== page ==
The greatest example of "the strongest commander VS the weakest commander"

Which pair is the greatest example of "the strongest commander VS the weakest commander"

  • Napoleon Bonaparte VS Johann Peter Beaulieu

    Votes: 0 0.0%
  • Napoleon Bonaparte VS Karl Mack von Leiberich

    Votes: 9 36.0%
  • Frederick the Great VS Charles of Lorraine

    Votes: 3 12.0%
  • Yamashita Tomoyuki VS Arthur Percival

    Votes: 1 4.0%
  • Robert the Bruce VS Edward II

    Votes: 2 8.0%
  • Georgy Zhukov VS Frederich Paulus

    Votes: 1 4.0%
  • Albert Kesselring VS Mark Clark

    Votes: 1 4.0%
  • Erwin Rommel VS Lloyd Fredendall

    Votes: 1 4.0%
  • Robert Lee VS George McClellan

    Votes: 3 12.0%
  • Issac Brock + Tecumseu VS William Hull

    Votes: 1 4.0%
  • other ideas (please specific)

    Votes: 3 12.0%

  • Total voters
    25

Mangekyou

Ad Honorem
Jan 2010
7,884
UK
#42
The Romans returned shortly afterwards and went on a rampage, sacking and burning many villages and towns. They didn't conquer it because they realised it just wasn't worth all the trouble (same with Scotland). The larger impact of Teutoburg is somewhat overrated.



Attila was decisively defeated by Flavius Aetius at the Battle of the Catalaunian Plains in 451.
It wasn't a decisive victory.
 
Jan 2015
5,389
Ontario, Canada
#43
Frederick against Charles is one of the best examples but Charles wasn't without his merits. In the War of Austrian Succession he outmaneuvered the French in Germany and forced them to withdraw across the Rhine. Still his record against Frederick is so bad that it is vomit inducing.

Mack is an interesting pick because he was mostly a staff officer, and a fairly good one for the time. Where as he had relatively few field commands of note. He dropped the ball in 1805 when it came to his strategic planning. Despite all of that the defeat in 1805 had more to do with the Austrians not being able to deploy in full strength prior to October. So all things considered I don't think Mack had a chance either way.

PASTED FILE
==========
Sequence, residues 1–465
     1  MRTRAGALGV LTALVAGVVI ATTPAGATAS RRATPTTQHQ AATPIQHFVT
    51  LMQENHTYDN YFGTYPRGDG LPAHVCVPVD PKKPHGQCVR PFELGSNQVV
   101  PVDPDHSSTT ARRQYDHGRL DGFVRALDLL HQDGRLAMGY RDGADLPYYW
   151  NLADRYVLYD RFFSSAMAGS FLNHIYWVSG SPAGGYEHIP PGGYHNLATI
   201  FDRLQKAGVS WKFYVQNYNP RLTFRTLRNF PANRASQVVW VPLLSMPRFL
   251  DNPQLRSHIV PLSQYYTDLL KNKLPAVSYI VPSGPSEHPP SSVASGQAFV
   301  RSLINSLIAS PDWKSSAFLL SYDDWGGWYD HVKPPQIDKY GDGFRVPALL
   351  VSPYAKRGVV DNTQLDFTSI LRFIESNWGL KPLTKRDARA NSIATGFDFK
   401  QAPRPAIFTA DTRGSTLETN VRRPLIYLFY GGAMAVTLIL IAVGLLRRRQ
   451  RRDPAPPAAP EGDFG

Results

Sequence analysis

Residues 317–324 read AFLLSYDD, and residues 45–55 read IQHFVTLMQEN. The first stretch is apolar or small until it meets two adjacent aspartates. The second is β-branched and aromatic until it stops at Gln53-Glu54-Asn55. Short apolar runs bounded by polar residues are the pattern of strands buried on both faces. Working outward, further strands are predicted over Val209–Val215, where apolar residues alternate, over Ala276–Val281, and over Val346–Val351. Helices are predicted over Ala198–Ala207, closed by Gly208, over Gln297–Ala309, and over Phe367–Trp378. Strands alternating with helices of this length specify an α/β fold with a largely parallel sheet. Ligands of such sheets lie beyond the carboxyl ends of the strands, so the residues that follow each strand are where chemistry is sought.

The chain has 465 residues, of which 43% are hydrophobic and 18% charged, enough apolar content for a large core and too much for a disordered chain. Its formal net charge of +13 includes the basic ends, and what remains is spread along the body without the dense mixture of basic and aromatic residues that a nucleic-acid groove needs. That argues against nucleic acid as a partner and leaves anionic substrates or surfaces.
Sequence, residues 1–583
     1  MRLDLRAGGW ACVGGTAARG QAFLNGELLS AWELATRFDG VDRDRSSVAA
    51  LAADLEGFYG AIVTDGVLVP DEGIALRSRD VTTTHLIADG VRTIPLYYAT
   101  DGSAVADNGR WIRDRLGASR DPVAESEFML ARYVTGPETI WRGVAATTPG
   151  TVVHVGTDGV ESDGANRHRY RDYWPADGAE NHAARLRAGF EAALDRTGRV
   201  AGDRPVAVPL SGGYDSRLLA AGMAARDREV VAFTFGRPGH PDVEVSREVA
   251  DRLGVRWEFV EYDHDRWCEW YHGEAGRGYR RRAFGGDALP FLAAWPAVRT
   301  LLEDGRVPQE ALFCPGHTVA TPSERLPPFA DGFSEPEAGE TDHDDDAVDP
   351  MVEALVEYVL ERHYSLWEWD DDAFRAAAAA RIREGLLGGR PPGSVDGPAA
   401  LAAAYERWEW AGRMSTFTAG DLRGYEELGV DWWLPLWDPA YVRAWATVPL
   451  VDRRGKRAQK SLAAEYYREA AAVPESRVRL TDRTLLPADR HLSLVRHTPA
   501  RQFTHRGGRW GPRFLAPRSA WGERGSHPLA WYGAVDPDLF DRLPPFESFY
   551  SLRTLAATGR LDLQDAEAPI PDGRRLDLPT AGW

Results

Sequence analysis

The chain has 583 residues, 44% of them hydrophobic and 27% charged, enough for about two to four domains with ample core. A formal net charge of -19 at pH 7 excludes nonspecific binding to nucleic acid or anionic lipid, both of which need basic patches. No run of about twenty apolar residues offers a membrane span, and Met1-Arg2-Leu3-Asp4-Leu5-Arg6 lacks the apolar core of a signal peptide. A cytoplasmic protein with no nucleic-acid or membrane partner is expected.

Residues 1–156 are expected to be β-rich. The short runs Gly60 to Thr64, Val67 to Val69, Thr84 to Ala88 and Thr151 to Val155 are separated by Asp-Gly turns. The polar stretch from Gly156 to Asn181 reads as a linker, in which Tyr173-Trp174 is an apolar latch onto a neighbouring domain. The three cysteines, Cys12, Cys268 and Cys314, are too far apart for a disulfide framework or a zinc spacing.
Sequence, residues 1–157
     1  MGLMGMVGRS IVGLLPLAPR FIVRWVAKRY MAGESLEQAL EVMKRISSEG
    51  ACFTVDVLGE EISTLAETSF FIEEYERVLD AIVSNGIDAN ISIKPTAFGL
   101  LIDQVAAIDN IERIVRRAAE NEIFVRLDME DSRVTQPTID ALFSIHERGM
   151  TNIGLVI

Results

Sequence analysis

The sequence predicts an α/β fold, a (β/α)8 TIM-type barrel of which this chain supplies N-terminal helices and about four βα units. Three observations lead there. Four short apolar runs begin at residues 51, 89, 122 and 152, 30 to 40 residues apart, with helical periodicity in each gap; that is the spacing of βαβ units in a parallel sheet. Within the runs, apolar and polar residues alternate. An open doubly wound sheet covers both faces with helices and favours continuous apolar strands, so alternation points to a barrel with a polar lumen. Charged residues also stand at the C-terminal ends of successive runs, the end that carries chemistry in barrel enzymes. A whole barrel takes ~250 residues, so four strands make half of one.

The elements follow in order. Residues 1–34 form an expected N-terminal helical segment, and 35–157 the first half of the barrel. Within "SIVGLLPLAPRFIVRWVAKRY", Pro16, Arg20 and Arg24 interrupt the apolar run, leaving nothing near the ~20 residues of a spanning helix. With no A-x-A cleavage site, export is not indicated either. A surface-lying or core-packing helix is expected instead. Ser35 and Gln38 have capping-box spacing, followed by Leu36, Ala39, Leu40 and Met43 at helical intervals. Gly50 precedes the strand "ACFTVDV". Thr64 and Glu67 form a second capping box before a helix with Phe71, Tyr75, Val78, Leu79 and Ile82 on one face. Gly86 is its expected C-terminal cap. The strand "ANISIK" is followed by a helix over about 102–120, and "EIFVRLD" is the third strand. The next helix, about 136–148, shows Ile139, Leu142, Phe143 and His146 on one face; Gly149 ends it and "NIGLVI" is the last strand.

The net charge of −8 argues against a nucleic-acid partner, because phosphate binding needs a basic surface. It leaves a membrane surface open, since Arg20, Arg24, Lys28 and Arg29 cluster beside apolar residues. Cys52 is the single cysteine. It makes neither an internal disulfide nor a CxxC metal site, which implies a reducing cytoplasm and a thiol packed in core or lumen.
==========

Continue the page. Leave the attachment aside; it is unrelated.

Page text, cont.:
The one I have to strongly disagree with is Georgy Zhukov against Friedrich Paulus.
-For starters Paulus was only in command of the Sixth Army and his immediate superior was Erich von Manstein. Which means that Paulus' direct opponent at Stalingrad was Vasily Chuikov and his 62nd Army (briefly the 64th Army outside of Stalingrad).
-I wouldn't say that Chuikov was necessarily much better than Paulus although Chuikov made a great effort to hold the city. Chuikov did have more experience in field command where as Paulus was a staff officer.
-The deciding factor was the mismanagement of the campaign by the German High Command, in particular Franz Halder. There was no reason for the Sixth Army to have been defeated except that it lacked reinforcements, support from Army Group B and it was surrounded by three Soviet Army Groups.
-Paulus was actually a good staff officer. After 1919 he was one of the few officers which was chosen to be part of the Reichswehr. He was also an important tank expert during the interwar period. After good service as a staff officer during the 1939 and 1940 campaigns he was made part of the General Staff. He was one of the officers which planned Operation Barbarossa, and correctly pointed out that the Soviets would have 100 new Divisions after the initial success in that campaign. His performance at Stalingrad wasn't even that bad and his poor reputation is largely based on intentional slander and a false claim that he was given an order to breakout but refused.
 

pugsville

Ad Honorem
Oct 2010
8,514
#44
Mack is an interesting pick because he was mostly a staff officer, and a fairly good one for the time. Where as he had relatively few field commands of note. He dropped the ball in 1805 when it came to his strategic planning. Despite all of that the defeat in 1805 had more to do with the Austrians not being able to deploy in full strength prior to October. So all things considered I don't think Mack had a chance either way.
How is ANY of that particularly relevant. Mack sized control of the Army against the existsing line of command (though he was supported by the Emperor), the entire strategy was his conception, when it was apparant to the rest of the generals and the begged him to withdraw as the only sensible option, Mack refused to face reality.